Google has entered into a deal with South African telecoms operator, Telkom, to offer free Internet to mobile phone subscribers who cannot afford data costs
As part of the deal, dubbed “Free Zone,” subscribers to Telkom’s 8ta mobile phone service will be able to access the web and versions of Gmail and Google+ without paying for data charges, as long as they have data-enabled handsets.
Google South Africa manager, Luke Mckend, told AFP, “Around 80 per cent of South Africans have a cell phone, and much of this mobile resource is untapped due to data charges that many cannot afford.
“Many mobile phone users find data charges for email, web browsing and social applications, to be too expensive and our goal is to make more of the mobile web affordable for everyone.”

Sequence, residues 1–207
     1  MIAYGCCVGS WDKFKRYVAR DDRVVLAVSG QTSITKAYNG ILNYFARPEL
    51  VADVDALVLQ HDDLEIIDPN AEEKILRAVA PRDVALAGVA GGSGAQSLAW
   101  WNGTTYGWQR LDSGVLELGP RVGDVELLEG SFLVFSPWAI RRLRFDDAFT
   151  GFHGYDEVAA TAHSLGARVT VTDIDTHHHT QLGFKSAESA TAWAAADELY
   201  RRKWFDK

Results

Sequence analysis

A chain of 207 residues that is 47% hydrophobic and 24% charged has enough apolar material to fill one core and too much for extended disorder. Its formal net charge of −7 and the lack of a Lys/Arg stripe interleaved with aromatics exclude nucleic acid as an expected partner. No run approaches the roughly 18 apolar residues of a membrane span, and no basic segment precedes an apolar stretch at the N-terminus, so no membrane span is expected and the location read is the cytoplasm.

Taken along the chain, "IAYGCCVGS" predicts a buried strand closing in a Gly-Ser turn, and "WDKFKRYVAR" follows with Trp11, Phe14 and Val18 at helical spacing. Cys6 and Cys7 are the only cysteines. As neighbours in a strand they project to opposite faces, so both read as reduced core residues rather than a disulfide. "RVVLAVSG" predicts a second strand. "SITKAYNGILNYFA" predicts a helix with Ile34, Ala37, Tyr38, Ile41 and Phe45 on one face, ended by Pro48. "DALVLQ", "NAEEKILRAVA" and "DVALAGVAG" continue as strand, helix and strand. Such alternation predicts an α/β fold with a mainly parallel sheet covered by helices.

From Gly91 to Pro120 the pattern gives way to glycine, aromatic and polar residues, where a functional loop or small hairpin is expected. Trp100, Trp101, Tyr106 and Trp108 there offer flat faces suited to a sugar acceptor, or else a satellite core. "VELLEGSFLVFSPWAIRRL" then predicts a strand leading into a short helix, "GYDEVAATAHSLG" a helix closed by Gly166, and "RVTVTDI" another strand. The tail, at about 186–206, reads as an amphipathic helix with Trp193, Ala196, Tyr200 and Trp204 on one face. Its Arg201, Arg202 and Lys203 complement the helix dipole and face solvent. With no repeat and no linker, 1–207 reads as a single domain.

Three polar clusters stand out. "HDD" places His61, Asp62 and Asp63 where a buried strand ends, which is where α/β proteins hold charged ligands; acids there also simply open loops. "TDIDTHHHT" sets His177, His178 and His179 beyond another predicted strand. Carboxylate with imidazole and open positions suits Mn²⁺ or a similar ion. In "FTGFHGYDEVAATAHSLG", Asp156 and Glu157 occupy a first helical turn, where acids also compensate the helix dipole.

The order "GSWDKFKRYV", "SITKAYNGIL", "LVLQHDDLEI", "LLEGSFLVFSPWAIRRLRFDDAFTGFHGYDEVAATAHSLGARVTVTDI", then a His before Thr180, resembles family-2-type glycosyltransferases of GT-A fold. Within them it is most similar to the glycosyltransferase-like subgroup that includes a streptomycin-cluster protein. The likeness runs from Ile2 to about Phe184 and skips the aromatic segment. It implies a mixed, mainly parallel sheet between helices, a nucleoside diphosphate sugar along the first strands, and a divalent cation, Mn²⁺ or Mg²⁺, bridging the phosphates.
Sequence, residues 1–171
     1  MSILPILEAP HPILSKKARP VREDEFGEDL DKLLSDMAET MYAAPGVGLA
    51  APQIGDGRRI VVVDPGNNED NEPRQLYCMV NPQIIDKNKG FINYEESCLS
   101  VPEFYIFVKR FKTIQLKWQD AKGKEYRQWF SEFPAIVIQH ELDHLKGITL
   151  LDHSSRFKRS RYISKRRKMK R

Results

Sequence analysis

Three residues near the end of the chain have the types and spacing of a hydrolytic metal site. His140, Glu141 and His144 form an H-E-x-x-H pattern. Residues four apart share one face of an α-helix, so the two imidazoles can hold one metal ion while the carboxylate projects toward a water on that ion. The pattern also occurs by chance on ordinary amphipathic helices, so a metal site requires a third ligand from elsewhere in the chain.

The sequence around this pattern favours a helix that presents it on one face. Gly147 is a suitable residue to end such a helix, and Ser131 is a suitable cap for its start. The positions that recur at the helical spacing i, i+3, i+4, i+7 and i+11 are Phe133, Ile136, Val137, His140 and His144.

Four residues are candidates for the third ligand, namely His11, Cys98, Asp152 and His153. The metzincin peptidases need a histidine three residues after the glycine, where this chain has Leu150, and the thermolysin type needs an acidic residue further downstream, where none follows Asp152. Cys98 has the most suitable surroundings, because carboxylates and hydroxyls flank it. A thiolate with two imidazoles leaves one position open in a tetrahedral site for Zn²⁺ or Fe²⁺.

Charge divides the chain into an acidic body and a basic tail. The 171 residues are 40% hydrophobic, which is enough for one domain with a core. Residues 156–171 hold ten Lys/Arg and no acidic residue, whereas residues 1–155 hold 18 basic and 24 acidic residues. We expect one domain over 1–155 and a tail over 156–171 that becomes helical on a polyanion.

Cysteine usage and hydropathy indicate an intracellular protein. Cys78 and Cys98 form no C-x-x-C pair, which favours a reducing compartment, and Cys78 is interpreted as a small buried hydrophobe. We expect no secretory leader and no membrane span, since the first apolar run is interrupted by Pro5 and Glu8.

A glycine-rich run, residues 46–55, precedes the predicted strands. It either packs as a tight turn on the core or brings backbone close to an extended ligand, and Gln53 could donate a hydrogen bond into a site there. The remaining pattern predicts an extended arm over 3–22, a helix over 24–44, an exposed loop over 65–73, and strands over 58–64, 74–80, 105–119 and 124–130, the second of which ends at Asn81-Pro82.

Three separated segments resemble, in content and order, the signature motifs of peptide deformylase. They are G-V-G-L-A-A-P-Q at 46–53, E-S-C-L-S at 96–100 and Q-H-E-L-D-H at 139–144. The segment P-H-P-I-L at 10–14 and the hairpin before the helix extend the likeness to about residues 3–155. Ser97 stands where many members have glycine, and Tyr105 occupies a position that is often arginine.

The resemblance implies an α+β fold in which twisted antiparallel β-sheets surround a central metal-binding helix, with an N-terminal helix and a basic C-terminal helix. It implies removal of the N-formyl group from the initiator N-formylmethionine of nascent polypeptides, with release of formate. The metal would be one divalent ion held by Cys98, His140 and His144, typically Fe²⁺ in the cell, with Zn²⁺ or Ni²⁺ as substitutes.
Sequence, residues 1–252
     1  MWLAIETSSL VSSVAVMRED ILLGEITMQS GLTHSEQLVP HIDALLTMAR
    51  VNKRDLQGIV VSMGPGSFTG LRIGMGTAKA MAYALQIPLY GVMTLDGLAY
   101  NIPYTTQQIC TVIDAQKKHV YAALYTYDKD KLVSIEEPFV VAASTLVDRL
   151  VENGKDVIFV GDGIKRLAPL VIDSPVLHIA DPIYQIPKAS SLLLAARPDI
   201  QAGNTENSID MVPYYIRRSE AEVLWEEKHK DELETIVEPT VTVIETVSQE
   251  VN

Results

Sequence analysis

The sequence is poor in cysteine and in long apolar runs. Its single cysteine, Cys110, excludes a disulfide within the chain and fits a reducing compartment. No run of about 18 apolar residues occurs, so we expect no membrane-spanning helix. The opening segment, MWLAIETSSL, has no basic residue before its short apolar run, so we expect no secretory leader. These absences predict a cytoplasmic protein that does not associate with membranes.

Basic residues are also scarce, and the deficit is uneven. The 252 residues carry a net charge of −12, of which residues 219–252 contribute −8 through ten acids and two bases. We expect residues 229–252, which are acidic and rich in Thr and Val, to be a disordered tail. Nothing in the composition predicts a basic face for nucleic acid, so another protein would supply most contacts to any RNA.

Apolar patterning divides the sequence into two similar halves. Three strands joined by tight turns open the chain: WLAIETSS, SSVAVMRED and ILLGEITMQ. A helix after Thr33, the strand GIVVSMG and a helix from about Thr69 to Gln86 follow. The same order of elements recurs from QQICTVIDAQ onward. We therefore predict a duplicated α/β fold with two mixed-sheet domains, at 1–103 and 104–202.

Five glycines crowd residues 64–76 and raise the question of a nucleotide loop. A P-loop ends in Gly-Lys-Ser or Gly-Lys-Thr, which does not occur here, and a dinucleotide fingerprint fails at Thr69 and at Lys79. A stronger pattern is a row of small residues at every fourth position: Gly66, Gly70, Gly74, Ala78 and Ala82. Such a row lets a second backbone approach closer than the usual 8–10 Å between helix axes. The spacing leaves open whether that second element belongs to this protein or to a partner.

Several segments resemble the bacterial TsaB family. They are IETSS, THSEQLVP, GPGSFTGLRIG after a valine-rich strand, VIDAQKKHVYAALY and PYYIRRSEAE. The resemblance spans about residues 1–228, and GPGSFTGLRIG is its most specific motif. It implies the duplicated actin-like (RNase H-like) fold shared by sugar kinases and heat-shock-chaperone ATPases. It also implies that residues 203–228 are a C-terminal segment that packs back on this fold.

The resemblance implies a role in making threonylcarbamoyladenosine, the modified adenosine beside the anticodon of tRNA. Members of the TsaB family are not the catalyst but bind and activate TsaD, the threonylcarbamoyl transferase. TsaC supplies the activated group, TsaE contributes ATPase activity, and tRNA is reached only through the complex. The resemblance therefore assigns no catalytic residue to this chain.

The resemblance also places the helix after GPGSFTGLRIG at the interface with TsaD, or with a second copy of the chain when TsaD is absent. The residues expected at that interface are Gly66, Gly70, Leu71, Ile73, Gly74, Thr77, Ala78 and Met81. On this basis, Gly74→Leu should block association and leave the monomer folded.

Google has launched a similar deal with a mobile phone provider in the Philippines earlier this month.
8ta senior managing executive, Amith Maharaj, said the idea was directed at helping South Africa, the wealthiest country on the continent, keep pace with the rest of the developed world.
“Breaking down the barriers to Internet adoption is critical for South Africa to keep up with the rest of the world in terms of socio-economic development,” said Maharaj.
A World Bank study has suggested that a 10 per cent rise in Internet use could result in one per cent increase in GDP.
Maharaj said, “Now 8ta subscribers can enjoy a free value added service to explore the Internet, check emails and connect with friends, ultimately boosting internet adoption in South Africa.”
The deal will be on trial until the end of May next year.